I died on that Stupid Hill

I'm not sure this is actually my favorite post from the last year, but it's one that kept screaming at me when I thought about what should go up this week. In fact, it's  a hard post for me to re-read (and not just due to the typos), but because I failed in selling the novel it references (see my post about dealing with the lows of writing from June). In summary: I died on this hill.
However, I still firmly believe it wasn't because kids aren't smart or wouldn't handle the challenge, but that I wasn't able to write the story well enough. And, as you see from the June post, I've moved on. I'm venturing into another genre - a new voice - a different aged reader. But I'm not dumbing it down. 

Nope, I'd rather die again. 

Stupid Hill

As you know, this week is all about “Hills to Die On”. My stories tend toward a younger crowd (Upper Middle Grade) which requires me to go light on saying “Lardass” and leading people around by their junk (we all know 13 and 14 year-olds actually talk like this, though their parents…who buy books for them…pretend they don’t). I spent a lot of time this week thinking about what Middle Grade Hill I would die on.

I kept coming back to a memory from a recent conference critique. I sat down with someone who I respect 113%, both as a person and as an industry professional, an agent we’ll call Sally (to protect the innocent and in case Sally ever wants to represent me). Sally had read 15 pages of my shiny, new book. She was one of the first to taste it and I was pumped/scared-outta-my-wits to hear what she had to say.

After some compliments on my style, voice, humor, etc., came the zinger: she thought the concept was too complicated for my readership. Not the plot, not the characters, not even the rules of this fantasy world – but the very core concept would be too much for an 8-to-12 year-old to grasp. It wasn’t something I could re-tool or tweak or even throw out and start again. To change this concept was to rip apart the story’s DNA and create a different tale. Period.

If it’d been some joe-schmo agent or editor, I would’ve blown the comment off. But this was Sally. She told me as a professional. She told me as a friend. She was very, very nice about it (she always is). But the message was loud’n’clear: I was barking up the wrong tree…in the wrong forest.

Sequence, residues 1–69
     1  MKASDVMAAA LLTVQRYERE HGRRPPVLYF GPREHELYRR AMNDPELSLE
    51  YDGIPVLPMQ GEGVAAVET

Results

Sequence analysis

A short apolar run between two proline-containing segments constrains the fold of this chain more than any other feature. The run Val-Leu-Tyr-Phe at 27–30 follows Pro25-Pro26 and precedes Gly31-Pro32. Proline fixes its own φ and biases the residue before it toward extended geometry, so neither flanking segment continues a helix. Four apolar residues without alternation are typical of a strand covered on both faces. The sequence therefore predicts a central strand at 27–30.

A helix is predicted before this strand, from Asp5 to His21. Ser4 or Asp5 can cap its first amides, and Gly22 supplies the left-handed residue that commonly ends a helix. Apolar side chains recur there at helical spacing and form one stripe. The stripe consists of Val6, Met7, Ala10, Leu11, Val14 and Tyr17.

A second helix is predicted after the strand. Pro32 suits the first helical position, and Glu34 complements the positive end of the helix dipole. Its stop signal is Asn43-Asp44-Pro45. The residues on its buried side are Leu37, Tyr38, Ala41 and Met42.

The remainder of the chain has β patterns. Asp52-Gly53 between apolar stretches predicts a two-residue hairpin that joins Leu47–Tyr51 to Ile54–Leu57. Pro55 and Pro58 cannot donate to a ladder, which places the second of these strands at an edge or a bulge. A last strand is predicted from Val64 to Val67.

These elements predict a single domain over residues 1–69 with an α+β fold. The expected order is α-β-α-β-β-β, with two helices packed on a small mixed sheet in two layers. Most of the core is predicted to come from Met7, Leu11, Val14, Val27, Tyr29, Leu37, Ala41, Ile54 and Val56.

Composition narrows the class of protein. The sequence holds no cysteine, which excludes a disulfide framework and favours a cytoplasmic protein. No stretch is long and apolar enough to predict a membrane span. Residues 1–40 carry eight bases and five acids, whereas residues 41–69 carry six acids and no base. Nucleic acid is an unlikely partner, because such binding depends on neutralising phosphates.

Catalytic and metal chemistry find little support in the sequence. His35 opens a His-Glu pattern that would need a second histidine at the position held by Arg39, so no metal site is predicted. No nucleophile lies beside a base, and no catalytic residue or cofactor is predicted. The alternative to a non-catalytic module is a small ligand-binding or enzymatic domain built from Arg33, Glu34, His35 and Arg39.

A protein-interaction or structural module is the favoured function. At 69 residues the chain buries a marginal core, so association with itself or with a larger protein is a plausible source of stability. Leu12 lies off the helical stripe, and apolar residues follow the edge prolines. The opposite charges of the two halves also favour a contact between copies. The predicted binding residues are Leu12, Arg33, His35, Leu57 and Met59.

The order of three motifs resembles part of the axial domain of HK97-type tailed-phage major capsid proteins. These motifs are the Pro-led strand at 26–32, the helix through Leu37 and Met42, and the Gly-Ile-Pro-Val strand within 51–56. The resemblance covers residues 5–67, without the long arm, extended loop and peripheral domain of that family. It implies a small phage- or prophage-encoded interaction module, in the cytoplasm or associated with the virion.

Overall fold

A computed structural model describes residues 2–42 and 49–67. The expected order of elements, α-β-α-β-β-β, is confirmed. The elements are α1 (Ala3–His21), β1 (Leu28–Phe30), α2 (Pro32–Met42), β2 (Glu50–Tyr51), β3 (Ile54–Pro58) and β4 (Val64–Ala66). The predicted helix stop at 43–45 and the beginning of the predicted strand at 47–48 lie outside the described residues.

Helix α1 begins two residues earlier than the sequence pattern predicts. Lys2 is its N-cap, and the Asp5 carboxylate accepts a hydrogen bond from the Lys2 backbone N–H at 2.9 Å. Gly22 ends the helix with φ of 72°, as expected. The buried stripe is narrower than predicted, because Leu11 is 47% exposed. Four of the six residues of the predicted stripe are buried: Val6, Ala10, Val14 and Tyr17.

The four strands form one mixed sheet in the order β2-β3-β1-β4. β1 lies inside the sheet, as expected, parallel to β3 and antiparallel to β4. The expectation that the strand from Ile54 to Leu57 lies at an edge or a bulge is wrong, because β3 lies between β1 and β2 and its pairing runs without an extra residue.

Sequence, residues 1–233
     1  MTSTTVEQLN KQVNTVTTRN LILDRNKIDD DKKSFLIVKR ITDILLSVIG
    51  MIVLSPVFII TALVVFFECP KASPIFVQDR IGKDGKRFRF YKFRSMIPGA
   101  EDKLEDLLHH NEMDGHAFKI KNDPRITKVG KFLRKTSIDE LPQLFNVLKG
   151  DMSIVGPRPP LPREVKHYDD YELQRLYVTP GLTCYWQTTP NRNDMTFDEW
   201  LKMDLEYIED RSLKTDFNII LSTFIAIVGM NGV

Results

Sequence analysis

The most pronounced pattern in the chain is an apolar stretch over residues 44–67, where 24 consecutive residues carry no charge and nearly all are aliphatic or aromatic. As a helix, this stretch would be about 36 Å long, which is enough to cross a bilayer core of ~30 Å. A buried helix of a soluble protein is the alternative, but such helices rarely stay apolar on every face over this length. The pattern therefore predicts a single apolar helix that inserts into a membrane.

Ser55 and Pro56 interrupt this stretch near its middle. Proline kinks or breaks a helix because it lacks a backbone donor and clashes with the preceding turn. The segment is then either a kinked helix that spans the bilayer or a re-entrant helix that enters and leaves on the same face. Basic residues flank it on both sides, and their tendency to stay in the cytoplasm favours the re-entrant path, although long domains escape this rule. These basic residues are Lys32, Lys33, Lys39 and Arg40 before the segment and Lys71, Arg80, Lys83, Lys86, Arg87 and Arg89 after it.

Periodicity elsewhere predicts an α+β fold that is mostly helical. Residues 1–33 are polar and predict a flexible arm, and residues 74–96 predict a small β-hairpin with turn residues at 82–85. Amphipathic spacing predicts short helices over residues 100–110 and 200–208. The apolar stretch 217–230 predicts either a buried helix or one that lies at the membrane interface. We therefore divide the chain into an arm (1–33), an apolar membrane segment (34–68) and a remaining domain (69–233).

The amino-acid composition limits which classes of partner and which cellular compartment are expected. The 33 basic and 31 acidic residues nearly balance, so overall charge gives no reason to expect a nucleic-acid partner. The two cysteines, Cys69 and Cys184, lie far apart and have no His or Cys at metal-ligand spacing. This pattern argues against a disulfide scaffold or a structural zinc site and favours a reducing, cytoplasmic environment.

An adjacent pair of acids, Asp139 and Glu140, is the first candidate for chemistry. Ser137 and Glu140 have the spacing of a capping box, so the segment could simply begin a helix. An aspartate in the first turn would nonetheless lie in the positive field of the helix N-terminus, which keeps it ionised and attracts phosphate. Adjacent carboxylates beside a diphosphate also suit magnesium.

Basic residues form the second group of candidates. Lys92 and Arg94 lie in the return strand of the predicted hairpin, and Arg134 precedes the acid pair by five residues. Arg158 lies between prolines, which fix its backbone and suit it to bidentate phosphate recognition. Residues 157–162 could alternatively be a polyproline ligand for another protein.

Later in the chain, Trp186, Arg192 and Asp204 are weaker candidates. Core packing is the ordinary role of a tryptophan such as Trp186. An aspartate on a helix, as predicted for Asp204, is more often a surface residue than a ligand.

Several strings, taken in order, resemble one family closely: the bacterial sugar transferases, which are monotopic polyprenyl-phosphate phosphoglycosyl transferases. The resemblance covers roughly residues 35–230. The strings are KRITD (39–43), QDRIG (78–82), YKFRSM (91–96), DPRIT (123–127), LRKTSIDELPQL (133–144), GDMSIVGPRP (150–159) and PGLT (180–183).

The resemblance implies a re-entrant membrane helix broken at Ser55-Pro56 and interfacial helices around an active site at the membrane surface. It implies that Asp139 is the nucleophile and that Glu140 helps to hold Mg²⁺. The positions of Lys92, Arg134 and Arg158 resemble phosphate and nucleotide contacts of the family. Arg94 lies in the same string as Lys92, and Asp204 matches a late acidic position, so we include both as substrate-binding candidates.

I went through the usual steps of recovering from a hard critique: Shock. Denial. Numbness. Wine. Long, long talks with The Muses. Wine. But the questions nagged me for weeks: Should I leave my book to die based on Sally’s highly respected advice? Should I abandon ship and write the equivalent of Middle Grade Dancing with the “Stars”? (Back off, it’s my idea.)

All four chambers of my heart said, “NO!”

I believe that kids are smart (you’re right, MOST kids). They get deep concepts. In fact, theywant to expand their horizons. In 8th grade, I made the leap to adult books because children’s lit – at the time – didn’t challenge me. And it wasn’t about vocabulary or reading about sex (ok, one of those is a lie). I wanted to flex my brain muscle. I wanted to go to places I’d never heard of. I wanted to know people who were totally different than me. Most of all, I wanted to hear ideas that blew my mind.

Sally knew that kids weren’t the problem. She didn’t think kids were dumb. She was pointing out that I was on a hill – and I might die. Her worries were around “salability” – or that smart works aren’t sure bets. And you already grasp that Sally was right. Just look at 95% of movies.
Really, it’s not even the book-world gatekeepers – they know intelligent things can take off, because they do. But they’re a gamble. These folks are in a business and have to sell things to feed their families. In short, if my “out there” concepts are going to be read, then the burden falls on me to write the best story I can. I have to make it so good that the various gatekeepers will have to feed it to all those brain-hungry tykes.

Of course, maybe I will die on this hill…but it’ll be because I’m not smart enough to write my concept into a clear, entertaining story…not because the readers are too dumb to get it.

To me, there’s a big difference between a stupid author and a kid in the bookstore. And that’s a hill I’m willing to die on.

And I bet Sally agrees.


Aw, Bret. But now instead of Bret the Grey, you'll be Bret the White.

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